It looks like you're using an Ad Blocker.

Please white-list or disable AboveTopSecret.com in your ad-blocking tool.

Thank you.

 

Some features of ATS will be disabled while you continue to use an ad-blocker.

 

Ask any question you want about Physics

page: 142
74
<< 139  140  141    143  144  145 >>

log in

join
share:

posted on Aug, 9 2015 @ 03:55 PM
link   
a reply to: BASSPLYR
That site is probably correct because that's about what I'd expect. The great lakes are pretty big by the way.


originally posted by: dragonridr
Now Fresh water has a density of 1.0 while salt water has a density of 1.025. Meaning to a boat they don't see the difference. Boyancy levels on boats are by design the 1/2 in the boat sets higher on fresh water won't make a difference.
Well there's a difference but it may not have a significant effect. It might be along the lines of the tides in ponds question, where there might be theoretical differences but they aren't significant. I test drove my boat in brackish water and then operated it in a freshwater lake and at maximum throttle I saw no difference in speed, but the speedometer wasn't accurate enough to tell if there was a tiny difference in speed. Even if I'd had a more accurate speedometer, it wasn't a very carefully controlled test, such that differences in wind speed/direction could have overwhelmed the effects of salt content.




posted on Aug, 9 2015 @ 03:57 PM
link   

originally posted by: BASSPLYR
a reply to: Arbitrageur

found an answer for the lake/pond tide thing on some meteorological site.

apparently lakes and ponds do have tides. however they are so small and inconsequential that they are concidered non-tidal. barometric and wind pressures will cause greater changes/fluctuations in the water height. for instance the strongest tide for the great lakes a is 5 centimeter change in height.


The answer is no we could never see it. tthe Big Bang happened 13.7 billion years ago.. At the very beginning of the Universe, seconds after the Big Bang, everything was mushed together. Energy and matter were the same thing.It took 380000 years the for the universe to cool off enough for photons to escape,, also when atoms started to form. This is the point we should see all the light that escaped. But we can't because the region of space where it exists is so far away, and travelling away from us so quickly. The light’s wavelengths have been stretched out to the point that light has been turned into microwaves. Want to see the early universe look at cosmic microwave background radiation. But even that won't see the big bang as I said earlier.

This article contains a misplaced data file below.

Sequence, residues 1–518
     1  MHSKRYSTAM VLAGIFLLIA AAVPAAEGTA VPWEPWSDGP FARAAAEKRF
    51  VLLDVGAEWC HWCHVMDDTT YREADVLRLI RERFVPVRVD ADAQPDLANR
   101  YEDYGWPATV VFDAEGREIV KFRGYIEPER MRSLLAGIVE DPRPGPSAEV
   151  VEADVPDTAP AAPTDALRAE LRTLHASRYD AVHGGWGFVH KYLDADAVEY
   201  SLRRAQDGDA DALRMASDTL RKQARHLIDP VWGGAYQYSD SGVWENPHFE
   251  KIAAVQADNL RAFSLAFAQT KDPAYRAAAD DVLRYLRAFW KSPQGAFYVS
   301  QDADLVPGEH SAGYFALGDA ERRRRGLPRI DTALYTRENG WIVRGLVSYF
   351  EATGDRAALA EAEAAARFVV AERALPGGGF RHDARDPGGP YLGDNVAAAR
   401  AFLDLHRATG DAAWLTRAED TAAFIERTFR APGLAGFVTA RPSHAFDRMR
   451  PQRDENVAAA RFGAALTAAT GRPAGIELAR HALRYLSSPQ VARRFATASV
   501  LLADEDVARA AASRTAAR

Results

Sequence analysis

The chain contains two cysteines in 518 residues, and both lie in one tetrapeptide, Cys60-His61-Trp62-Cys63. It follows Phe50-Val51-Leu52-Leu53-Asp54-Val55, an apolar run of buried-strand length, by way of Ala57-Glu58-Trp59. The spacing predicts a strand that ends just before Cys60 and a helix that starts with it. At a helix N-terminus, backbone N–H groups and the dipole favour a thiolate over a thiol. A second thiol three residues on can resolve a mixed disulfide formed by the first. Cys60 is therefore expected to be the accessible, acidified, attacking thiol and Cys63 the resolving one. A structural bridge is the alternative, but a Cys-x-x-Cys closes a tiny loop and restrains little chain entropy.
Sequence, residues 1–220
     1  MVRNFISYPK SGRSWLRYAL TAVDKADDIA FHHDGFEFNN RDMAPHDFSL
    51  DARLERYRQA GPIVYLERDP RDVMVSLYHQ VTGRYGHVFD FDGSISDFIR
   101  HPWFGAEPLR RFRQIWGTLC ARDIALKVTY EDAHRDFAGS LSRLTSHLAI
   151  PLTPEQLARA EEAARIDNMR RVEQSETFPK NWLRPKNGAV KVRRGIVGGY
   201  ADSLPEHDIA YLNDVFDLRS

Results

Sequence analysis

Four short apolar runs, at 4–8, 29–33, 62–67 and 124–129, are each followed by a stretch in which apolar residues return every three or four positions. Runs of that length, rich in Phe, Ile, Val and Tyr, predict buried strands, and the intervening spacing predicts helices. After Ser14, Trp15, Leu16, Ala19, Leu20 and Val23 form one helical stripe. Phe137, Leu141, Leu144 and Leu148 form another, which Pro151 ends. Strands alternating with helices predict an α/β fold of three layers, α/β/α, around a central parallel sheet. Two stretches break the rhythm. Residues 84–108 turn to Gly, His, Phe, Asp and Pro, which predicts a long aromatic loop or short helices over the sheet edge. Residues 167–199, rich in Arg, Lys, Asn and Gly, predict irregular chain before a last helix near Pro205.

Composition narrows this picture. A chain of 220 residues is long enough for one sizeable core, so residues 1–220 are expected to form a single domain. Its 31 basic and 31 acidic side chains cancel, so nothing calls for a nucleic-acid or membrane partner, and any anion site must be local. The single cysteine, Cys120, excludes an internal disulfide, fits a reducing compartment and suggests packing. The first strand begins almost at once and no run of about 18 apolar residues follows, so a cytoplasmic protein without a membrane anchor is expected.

posted on Aug, 9 2015 @ 03:59 PM
link   
a reply to: Arbitrageur

Have to work on my "psychics speak"
. Use I see and future much more.



posted on Aug, 9 2015 @ 04:43 PM
link   
a reply to: Arbitrageur

Hi Arbitrageur,

Thanks for your reply.

So, with regard to my Big Bang theory question, does Physics suggest that the inflation to the current size of the universe was instantaneous? I think my question came about because i've always wondered if matter is moving about randomly in space or if there is some sort of large scale pattern to their movement, such as away from a point. Perhaps the term "Big Bang" itself conjures up an inappropriate mental image!

My EM spectrum question came about 'cos I once read somewhere that the spectrum itself is theoretically infinite, which to my particularly non-physics brain suggests there is something beyond the extremes at which we can physically measure.



posted on Aug, 9 2015 @ 05:51 PM
link   

originally posted by: AdmiralTriceratops
So, with regard to my Big Bang theory question, does Physics suggest that the inflation to the current size of the universe was instantaneous?
No. The most popular model suggests that inflation was very fast right after the big bang, then it slowed down, and then it sped up due to dark energy. At 6 minutes in this video George Smoot shows and explains a graphic illustration showing how we think it happened and he explains some of the research leading to these conclusions:

George Smoot-Design of the Universe

There's a low resolution version on youtube but there's a lot of detail in the high resolution video that it helps to be able to see.



posted on Aug, 10 2015 @ 04:17 AM
link